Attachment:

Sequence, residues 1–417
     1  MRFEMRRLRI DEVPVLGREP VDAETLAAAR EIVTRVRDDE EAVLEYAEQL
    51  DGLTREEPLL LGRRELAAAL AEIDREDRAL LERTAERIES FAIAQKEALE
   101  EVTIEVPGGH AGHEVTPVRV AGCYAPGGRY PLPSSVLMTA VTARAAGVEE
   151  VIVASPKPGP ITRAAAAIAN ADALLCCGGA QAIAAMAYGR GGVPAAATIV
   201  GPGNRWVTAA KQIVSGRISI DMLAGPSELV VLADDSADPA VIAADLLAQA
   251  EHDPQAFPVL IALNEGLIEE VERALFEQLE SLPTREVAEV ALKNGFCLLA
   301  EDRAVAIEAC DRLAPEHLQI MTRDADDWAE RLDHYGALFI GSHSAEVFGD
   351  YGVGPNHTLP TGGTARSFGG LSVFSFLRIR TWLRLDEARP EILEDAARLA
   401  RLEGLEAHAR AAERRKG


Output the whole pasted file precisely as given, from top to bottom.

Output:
Sequence, residues 1–417
     1  MRFEMRRLRI DEVPVLGREP VDAETLAAAR EIVTRVRDDE EAVLEYAEQL
    51  DGLTREEPLL LGRRELAAAL AEIDREDRAL LERTAERIES FAIAQKEALE
   101  EVTIEVPGGH AGHEVTPVRV AGCYAPGGRY PLPSSVLMTA VTARAAGVEE
   151  VIVASPKPGP ITRAAAAIAN ADALLCCGGA QAIAAMAYGR GGVPAAATIV
   201  GPGNRWVTAA KQIVSGRISI DMLAGPSELV VLADDSADPA VIAADLLAQA
   251  EHDPQAFPVL IALNEGLIEE VERALFEQLE SLPTREVAEV ALKNGFCLLA
   301  EDRAVAIEAC DRLAPEHLQI MTRDADDWAE RLDHYGALFI GSHSAEVFGD
   351  YGVGPNHTLP TGGTARSFGG LSVFSFLRIR TWLRLDEARP EILEDAARLA
   401  RLEGLEAHAR AAERRKG